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Discussion Starter · #1 ·
When I first started writing I read a lot of advice about writing, editing, etc and one of the things that stuck with me was the advice to put a manuscript away and leave it for a while before rereading it.

I still do this and will be a first draft to one side (in an electronic drawer these days) for at least 3 weeks before I look at it again.

I find that it helps me see it with new eyes and in the meantime I have often mulled over the ideas and have a better feeling for the story.

I have seen on here the speed at which some people are producing their ebooks from finishing the first draft to publishing it and I'm surprised.  Your first draft can never be the best the book is going to be - there is always going to be room for improvement.

How long do you leave first drafts?

Mike

 

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I don't.

Yeah, people recommend doing it, but it doesn't work for me. I don't distance myself from my work any more after a month than I do after eight hours.

And you'd be surprised how clean some people can make a first draft. Rewriting something doesn't always make it better. Dean Wesley Smith did a great post on rewriting.
 

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mikelewis said:
I have seen on here the speed at which some people are producing their ebooks from finishing the first draft to publishing it and I'm surprised. Your first draft can never be the best the book is going to be - there is always going to be room for improvement.
If he were still alive, I'd tell you to go say that to Robert Heinlein. :D He often sent his first draft straight to the publisher, he said. I can see the possibility of doing exactly that, if a writer had the whole story in their head ready to go, then could type it out in a couple of weeks, editing as they went. Much, much easier to do these days than in the age of the typewriter, but requiring a lot of discipline and skill.

mikelewis said:
How long do you leave first drafts?
Not long. Days, if that. Sometimes, though, I edit one part as I'm writing another. That said, I might not be the best touchstone... I've been writing (manuals) professionally for around a decade, now. There's a knack to viewing a manuscript with 'new' eyes that is possible to learn... eventually. Is it as good as leaving it for months? No, probably not. But there's a point at which 'good enough' is actually good enough. Anyone expecting to put out a perfect book - or one that they'll never itch to change on re-reading - is in for a surprise, in my opinion. :D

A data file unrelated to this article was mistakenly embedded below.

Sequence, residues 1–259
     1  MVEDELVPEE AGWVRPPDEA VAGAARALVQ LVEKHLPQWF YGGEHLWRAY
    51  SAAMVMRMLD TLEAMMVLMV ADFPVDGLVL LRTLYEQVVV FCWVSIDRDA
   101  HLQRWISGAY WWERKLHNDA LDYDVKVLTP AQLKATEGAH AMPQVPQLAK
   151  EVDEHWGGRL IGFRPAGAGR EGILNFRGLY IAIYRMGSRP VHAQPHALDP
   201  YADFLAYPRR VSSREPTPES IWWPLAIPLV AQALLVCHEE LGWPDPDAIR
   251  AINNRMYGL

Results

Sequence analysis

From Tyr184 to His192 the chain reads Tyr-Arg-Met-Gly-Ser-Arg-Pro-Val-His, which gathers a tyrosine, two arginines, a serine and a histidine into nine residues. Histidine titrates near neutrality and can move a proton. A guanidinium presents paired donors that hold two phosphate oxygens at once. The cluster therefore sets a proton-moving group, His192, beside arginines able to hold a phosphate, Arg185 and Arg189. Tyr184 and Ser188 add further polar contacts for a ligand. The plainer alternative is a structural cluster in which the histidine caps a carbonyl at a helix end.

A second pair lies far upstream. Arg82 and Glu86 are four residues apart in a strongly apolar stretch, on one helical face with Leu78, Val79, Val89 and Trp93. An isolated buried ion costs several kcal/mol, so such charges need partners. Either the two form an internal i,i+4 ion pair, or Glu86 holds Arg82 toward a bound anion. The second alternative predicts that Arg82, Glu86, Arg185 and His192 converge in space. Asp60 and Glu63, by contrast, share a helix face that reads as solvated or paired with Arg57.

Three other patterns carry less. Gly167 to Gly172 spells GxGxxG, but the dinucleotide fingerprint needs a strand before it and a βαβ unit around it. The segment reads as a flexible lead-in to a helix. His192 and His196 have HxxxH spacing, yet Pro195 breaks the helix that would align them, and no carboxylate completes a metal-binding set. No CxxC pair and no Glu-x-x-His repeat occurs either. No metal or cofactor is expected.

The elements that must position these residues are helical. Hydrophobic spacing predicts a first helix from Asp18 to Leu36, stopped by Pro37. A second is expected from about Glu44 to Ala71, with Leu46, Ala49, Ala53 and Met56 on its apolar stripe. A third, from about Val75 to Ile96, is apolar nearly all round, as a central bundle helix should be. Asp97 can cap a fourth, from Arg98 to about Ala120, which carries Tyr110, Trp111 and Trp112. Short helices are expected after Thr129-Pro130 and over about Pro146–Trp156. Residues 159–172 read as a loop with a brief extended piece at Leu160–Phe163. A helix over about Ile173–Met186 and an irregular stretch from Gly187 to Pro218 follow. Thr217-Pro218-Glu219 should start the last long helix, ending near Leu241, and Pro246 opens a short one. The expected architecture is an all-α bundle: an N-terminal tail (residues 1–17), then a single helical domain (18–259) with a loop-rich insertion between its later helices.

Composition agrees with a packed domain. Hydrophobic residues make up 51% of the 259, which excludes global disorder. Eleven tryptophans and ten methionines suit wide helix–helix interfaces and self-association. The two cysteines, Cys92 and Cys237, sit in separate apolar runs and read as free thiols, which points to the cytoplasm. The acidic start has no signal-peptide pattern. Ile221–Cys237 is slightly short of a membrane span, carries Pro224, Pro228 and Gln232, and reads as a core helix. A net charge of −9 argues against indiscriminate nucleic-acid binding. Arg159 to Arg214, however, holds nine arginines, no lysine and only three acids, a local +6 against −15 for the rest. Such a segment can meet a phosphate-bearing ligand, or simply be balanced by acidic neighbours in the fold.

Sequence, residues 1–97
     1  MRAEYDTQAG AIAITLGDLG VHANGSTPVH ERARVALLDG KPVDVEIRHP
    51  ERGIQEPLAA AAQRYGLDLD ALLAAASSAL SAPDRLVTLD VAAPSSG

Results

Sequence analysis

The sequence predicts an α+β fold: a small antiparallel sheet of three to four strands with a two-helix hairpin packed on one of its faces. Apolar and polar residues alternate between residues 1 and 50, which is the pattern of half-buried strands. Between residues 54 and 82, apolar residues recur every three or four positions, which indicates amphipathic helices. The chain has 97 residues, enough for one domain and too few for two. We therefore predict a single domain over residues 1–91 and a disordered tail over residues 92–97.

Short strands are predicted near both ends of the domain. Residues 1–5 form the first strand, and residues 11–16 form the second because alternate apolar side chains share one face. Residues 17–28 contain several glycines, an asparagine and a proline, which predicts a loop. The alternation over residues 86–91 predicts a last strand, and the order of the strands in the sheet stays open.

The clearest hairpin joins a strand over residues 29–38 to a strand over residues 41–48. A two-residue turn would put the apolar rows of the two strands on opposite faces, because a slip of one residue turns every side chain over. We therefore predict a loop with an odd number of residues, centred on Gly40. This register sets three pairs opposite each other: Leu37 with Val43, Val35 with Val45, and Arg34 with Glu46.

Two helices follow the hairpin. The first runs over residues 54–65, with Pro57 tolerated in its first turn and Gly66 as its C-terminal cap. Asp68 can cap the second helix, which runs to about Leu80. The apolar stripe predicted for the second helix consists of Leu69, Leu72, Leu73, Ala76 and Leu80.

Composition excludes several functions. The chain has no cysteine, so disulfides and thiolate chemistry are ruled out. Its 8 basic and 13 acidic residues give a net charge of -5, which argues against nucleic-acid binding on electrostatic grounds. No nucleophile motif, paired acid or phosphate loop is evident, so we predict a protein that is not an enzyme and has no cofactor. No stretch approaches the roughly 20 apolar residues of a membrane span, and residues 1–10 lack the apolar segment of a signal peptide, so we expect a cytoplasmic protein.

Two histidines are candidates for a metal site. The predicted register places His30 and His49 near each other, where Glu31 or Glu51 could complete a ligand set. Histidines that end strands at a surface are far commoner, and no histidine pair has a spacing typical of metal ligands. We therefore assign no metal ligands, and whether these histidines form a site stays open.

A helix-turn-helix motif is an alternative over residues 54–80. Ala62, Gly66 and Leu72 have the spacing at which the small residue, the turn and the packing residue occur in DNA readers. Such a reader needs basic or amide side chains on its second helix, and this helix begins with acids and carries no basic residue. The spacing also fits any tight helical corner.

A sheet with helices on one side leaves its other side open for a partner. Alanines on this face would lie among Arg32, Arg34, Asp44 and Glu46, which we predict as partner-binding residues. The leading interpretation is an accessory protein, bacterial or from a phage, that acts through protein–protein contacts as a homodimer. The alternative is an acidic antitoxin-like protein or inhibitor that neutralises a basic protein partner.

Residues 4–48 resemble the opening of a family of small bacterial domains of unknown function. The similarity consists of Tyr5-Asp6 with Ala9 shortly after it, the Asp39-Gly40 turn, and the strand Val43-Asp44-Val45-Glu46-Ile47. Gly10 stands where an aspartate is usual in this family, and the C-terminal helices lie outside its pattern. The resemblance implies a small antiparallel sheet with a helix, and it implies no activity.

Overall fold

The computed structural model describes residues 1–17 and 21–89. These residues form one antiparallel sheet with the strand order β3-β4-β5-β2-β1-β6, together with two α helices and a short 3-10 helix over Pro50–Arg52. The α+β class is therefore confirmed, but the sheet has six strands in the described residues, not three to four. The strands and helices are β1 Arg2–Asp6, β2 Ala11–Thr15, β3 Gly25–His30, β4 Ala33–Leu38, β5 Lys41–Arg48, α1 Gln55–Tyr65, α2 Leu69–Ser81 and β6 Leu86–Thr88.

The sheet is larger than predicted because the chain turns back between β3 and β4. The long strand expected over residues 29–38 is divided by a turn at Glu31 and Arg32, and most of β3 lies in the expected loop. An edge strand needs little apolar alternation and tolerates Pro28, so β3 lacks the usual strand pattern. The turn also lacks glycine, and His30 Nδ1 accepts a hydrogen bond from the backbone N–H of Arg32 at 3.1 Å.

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I think it depends on your definition of a first draft. I tend to edit very thoroughly as I go along so by the time I get to the end, the book is quite tight - hopefully. I have crit partners reading with me as I go along. What I should do then, once it's finished, is leave it for a couple of weeks and then go through it. Sometimes I just want to send it off!! But if you write fast and just get your ideas down, I do think it's a good idea to leave a story for a while, let it percolate before you look at it again.
 

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We've read somewhere to give it a good six weeks. Personally, we think more like a month. That way it's fresh when you see it again. It is a good idea to take a vacation from your draft. Tons of grammatical errors show up after a break, and you might have a new take on a scene you originally struggled with.
 

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I always try to do what Stephen King suggests and leave it for six weeks, but I can never wait that long! So, the answer to your question is, as long as I can stand it. Because, honestly, rereading my book that first time is one of my very favorite things about the writing process.
 

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Depends what it is. If it's a short story, I'll give it a day or two. If it's a novel, I may take some time just to have a vacation, but for the most part I dive right back in. By the time I've written a novel through to the end, the beginning is already fresh and unfamiliar.

Mind you, this is just for a polish pass before anything goes out to beta readers or editors. That process takes enough time that everything's new again when I get it back.
 

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I have my own portable electroshock machine, and once I finish a novel, I lay out the manuscript, hook myself up to the machine and give myself a nice hard jolt.  When I regain consciousness, I pick up the manuscript and say, "What's this?  A Novel?  Did I write this?"  and then begin proofreading.



:p